Sometimes the Prospect Watch checks in on a guy who was once a prospect but is no more. The post-hype sleeper is a common occurrence in baseball, and we just might have one on our hands in Boston's Rubby De La Rosa.
The Red Sox promoted De La Rosa from Triple-A Pawtucket over the weekend to take the rotation spot vacated by Clay Buchholz. He did not disappoint in his first start, tossing seven shutout innings against the Rays while allowing four hits, no walks and striking out eight.
From watching the highlights linked above, you can see why De La Rosa was ranked as the No. 90 prospect by Baseball America before the 2011 season when he was still a member of the Dodgers' organization. He fans David DeJesus and Matt Joyce in the first inning, both with 88 mph changeups. He gets Evan Longoria swinging with the same pitch to lead off the second. De La Rosa's seventh strikeout of the night, which comes at the 53-second mark in the video, was on a nasty slider to Sean Rodriguez. He didn't get many strike threes with his four-seam fastball or sinker, but they lit up the radar gun at 96.6 mph and 95.3 mph, respectively, on average. There's little doubt that he has top-notch stuff.
De La Rosa comes with a bit of a track record. In that 2011 season, he earned a promotion to the majors, working 60 2/3 innings for the Dodgers. He put up a 3.71 ERA, 3.87 FIP and 60 strikeouts. A 12.2-percent walk rate helped lead to a 1.40 WHIP, but it was clear that De La Rosa could pitch at the major league level. Unfortunately, he tore a ligament in his elbow and needed Tommy John surgery, which cost him essentially the entire 2012 season. He was then dealt to the Red Sox in the blockbuster trade that sent Adrian Gonzalez, Carl Crawford and Josh Beckett out west to Los Angeles.
De La Rosa had a decent year with Pawtucket in 2013, posting a 4.26 ERA and 76 strikeouts in 80 1/3 innings. However, he walked batters with even more regularity than he did in 2011, a problem he would have to rectify before he could realize his major league potential. He did that to a certain degree this year, cutting his walks per nine innings by nearly two full free passes. He remained just as impossible to hit, amassing a 3.04 ERA, 2.73 FIP and 52 strikeouts in 53 1/3 innings before getting the call back to the majors.
Few waiver wire or free agent pickups bring the ceiling that De La Rosa offers fantasy owners. He's widely available no matter where your league is hosted and should be owned in all mixed leagues.
One NL Central outfield prospect is already making good on his potential: After the Cardinals promoted Oscar Taveras last week, the 21-year-old promptly hit a homer in his first game. Now, another long-awaited young outfielder with an NL Central team may soon be getting the call, as Pittsburgh prospect Gregory Polanco is reportedly less than a week away from making his big-league debut.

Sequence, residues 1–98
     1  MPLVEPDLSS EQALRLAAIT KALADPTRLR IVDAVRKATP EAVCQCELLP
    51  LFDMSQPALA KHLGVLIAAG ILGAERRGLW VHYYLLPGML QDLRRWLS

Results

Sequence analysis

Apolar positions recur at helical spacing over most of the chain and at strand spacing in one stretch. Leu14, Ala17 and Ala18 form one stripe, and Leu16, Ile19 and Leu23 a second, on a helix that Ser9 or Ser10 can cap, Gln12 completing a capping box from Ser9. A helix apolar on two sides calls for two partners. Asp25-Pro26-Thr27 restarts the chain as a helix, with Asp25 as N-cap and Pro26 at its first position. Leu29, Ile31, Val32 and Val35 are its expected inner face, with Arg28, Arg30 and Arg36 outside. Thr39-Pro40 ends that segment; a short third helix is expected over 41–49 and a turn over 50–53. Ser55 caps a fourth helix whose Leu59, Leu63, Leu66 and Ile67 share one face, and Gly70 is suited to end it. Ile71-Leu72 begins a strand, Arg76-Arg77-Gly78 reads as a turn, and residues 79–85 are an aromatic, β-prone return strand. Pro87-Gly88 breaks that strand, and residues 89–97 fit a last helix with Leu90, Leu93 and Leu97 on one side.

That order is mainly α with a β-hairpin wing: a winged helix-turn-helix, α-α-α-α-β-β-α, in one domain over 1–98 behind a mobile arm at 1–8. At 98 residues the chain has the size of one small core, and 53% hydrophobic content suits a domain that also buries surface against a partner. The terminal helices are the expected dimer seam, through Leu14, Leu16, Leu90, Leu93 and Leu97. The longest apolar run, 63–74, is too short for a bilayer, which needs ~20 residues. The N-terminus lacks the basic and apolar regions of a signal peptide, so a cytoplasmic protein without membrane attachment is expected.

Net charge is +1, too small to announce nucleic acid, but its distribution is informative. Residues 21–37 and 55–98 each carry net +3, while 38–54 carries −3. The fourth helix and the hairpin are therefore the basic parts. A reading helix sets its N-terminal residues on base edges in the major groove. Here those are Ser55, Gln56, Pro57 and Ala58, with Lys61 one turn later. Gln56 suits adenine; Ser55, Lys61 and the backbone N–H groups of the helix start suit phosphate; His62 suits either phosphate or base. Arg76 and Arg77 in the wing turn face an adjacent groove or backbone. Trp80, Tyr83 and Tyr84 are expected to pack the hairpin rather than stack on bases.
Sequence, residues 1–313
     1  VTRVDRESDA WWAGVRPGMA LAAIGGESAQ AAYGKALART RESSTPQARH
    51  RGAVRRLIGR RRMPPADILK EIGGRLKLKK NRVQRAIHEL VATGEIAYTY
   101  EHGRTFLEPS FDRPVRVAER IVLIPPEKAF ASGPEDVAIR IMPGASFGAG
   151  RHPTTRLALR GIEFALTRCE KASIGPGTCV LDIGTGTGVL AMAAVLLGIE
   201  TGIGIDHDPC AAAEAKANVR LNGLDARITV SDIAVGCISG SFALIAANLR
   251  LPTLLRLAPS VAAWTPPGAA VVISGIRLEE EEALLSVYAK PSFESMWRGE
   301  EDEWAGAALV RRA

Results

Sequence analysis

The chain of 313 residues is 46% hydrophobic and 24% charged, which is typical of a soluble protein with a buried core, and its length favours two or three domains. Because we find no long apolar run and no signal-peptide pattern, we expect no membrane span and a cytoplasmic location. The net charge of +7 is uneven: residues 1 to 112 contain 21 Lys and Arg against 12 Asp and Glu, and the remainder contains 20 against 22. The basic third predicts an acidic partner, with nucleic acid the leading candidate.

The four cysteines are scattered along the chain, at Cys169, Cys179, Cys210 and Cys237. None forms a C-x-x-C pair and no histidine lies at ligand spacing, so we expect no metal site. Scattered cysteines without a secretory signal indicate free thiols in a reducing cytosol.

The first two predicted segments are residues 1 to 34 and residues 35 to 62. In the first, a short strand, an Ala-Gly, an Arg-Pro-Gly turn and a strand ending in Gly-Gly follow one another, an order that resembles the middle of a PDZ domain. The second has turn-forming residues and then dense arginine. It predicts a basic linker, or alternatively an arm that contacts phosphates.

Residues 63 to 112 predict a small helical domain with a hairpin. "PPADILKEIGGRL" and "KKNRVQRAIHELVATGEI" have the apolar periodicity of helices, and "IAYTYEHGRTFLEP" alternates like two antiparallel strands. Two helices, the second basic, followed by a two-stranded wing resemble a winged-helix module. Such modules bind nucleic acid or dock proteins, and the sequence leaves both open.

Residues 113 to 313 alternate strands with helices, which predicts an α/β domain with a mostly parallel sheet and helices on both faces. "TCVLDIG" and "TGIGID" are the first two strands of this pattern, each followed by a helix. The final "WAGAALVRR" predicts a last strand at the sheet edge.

The Pirates could clearly use a boost in right field, as they've gotten just a .321 OBP and .379 slugging percentage from the position, manned largely by Travis Snider and Jose Tabata this year. Both those numbers rank somewhere in the middle of the pack in the majors, but Polanco, who is expected to hit leadoff when he gets to Pittsburgh, could prove to be much better than just middle of the pack for the Pirates. He has been one of the best hitters in the minors all season and is now slashing .353/.412/.552 with six homers, 16 doubles, 46 RBI and 14 steals in 245 plate appearances for Triple-A Indianapolis. The Pirates are 27-30 and rank 20th in the majors in runs with 222. With Polanco at the top of the order in front of Starling Marte, Andrew McCutchen and Pedro Alvarez, their run scoring could get a much-needed jolt. Fantasy owners could soon, as well.
While plenty of attention has been showered on Javier Baez and Kris Bryant, the Cubs' Arismendy Alcantara has gone largely unnoticed by the fantasy community. However, it is Alcantara that might get the first crack at the majors. In 214 plate appearances with Triple-A Iowa, the second baseman is hitting .268/.303/.515 with seven homers, 14 doubles, seven triples and 10 steals. He has a solid power-speed combination, as he hit 15 bombs and swiped 31 bags with Double-A Tennessee last year.
With Emilio Bonifacio plummeting back to earth and Darwin Barney remaining a replacement-level hitter at best, the Cubs have an obvious need at second base. Alcantara can fill that void, and the Cubs have been exploring other ways to hasten his ascension to the majors. He made his first professional start in the outfield with Iowa last week in an effort to get him comfortable with a position he might have to play once he's with the big league club. If and when he gets the call, his speed will be an asset to the Cubs and fantasy owners alike. The Cubs aren't going anywhere this season and don't have any reason to promote a player unless he's going to get regular playing time. Once the 22-year-old Alcantara is in the majors, expect to see him on the field most days.